Someone who was not accepting those explanations was John Bonifaz, founder of the National Voting Rights Institute. Had this election happen in any other country, where the unpopular candidate mysteriously won, United States would be among the first to accuse them of rigging it. It had been known that Russia had hacked the DNC servers and had been attempting to hack the election system. Bonifaz suspected that the Russians may have pulled off hacking the voting machines themselves. He put together a think tank of computer scientists and election lawyers to study the election results to see if there was any evidence of ballot tampering. What they found alarmed them enough that they contacted Hillary Clinton's campaign team and advised them to immediately demand a recount in Michigan, Pennsylvania and Wisconsin.

What they discovered was that in every county that used paperless electronic voting machines, Hillary got exactly 7% less votes than the polls had suggested she would get, while all counties using the old fashioned paper ballots she received the votes predicted within +/-1 percentage. Meanwhile, Trump did extremely well in countries that used the paperless machines, while loosing to Hillary by the points predicted by the polls in counties using paper ballots. In Michigan the official count showed 87,810 ballots using the paperless machines had voted for every Democratic candidate but president, leaving the presidential field blank with no candidate picked.

While a recount was impossible on the paperless machines, it was possible the optical electronic voting machines which read paper ballots were also tampered with. Since the paper ballots existed for those machines, a recount that showed a significant deficit in Hillary's numbers that changed when the ballots were hand counted without the machine could prove either the machines were tampered with, or were fallible enough that the software could not be trusted to give accurate results. Either way, this would set the groundwork for the suspect paperless machines to be forensically investigated. If votes were suppressed or changed, it was possible to recover the original votes on the hard drive.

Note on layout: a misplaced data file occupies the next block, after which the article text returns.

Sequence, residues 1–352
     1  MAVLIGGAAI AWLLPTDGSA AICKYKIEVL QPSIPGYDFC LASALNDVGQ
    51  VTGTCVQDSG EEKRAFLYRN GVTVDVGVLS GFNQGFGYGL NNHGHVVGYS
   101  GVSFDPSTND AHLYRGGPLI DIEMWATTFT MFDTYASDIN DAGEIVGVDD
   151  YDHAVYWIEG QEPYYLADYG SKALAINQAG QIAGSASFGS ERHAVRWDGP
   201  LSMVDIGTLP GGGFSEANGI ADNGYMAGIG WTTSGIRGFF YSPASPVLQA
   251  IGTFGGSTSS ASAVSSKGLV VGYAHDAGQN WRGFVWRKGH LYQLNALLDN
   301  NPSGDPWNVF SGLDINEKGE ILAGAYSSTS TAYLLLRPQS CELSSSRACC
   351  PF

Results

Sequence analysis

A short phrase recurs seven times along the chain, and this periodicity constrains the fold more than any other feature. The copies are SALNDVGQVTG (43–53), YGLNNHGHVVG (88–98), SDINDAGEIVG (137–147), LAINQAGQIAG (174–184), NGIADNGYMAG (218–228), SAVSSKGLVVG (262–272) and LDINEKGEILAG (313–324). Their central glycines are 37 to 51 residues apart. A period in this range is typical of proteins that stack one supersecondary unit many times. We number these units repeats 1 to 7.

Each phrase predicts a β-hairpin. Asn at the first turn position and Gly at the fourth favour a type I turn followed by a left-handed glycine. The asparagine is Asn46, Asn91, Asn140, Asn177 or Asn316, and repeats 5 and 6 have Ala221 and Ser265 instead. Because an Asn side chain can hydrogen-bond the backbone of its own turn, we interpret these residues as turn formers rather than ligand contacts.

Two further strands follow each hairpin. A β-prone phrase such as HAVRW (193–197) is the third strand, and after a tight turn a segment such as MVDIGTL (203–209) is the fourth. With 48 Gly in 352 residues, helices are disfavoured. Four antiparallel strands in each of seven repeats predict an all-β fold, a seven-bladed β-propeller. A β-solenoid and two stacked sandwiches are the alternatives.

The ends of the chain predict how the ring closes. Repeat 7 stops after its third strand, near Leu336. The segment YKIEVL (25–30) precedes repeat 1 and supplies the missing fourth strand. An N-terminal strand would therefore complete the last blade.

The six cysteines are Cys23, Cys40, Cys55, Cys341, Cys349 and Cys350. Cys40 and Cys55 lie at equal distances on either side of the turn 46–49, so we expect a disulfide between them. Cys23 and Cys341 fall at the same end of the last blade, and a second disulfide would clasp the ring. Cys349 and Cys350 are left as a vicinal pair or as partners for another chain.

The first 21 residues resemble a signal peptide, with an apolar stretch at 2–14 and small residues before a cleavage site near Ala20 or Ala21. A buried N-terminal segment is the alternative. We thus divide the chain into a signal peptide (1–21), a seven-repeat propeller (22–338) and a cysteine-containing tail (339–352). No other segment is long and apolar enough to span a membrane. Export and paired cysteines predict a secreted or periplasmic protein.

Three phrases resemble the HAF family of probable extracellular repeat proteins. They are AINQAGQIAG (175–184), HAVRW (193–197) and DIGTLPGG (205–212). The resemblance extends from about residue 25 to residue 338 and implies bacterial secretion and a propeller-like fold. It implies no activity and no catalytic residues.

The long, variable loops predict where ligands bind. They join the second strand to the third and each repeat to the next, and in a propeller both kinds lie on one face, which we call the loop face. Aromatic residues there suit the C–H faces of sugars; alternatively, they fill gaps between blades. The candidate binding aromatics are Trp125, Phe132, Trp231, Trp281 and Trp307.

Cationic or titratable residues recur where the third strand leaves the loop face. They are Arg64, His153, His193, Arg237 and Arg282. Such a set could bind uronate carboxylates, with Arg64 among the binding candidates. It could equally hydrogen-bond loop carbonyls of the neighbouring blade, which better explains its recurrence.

Neither Hillary nor the DNC would participate in a recount. It would cost them millions, only had a slim chance of proving what was still just a theory, and even if evidence of voter fraud was uncovered, the Republicans were sure to fight in court to keep the paperless machines from being investigated. Besides, as far as Hillary was concerned, it was social media that turned voters against her with a barrage of false news reports written by Russian agents. If anything, Mark Zuckerberg should be investigated, not the voting machines that experts insisted were unhackable.

Only the candidates could request recounts. If Hillary wouldn't do it, then Bonifaz would talk one of the independent candidates into filing for a recount. It didn't take much to talk Green Party candidate Jill Stein into participating. While a recount had no chance of winning her any states, it could prevent Trump from becoming president, and she really didn't want him to be our president. They would need to raise the money to pay for the recounts.

Meanwhile Republicans were making any recount impossible. Aside from the Trump campaign and RNC filing lawsuits to block any recount, the states increased their filing fees by millions. The count in Wisconsin was stopped twice, but eventually a judge allowed it to be completed. While the recount did reveal the optical machines had failed to record thousands of votes for various candidates, it didn't prove any one candidate was targeted. The machine had failed to record 713 votes for Hillary, and failed to record 844 votes for Trump. All the Wisconsin recount did was widen Trump's lead by 131 votes.

Stein had also filed for recounts in Pennsylvania and Michigan. Republican lawyers successful blocked any recount from happening in Pennsylvania, but were unable to stop Michigan. An appeals court did stop the recount, however not before 22 rural counties using optical machines had completed their counts, reporting that the optical machines had not recorded 102 votes for Hillary. Not enough to prove the election had been rigged, or the paperless machines should be investigated.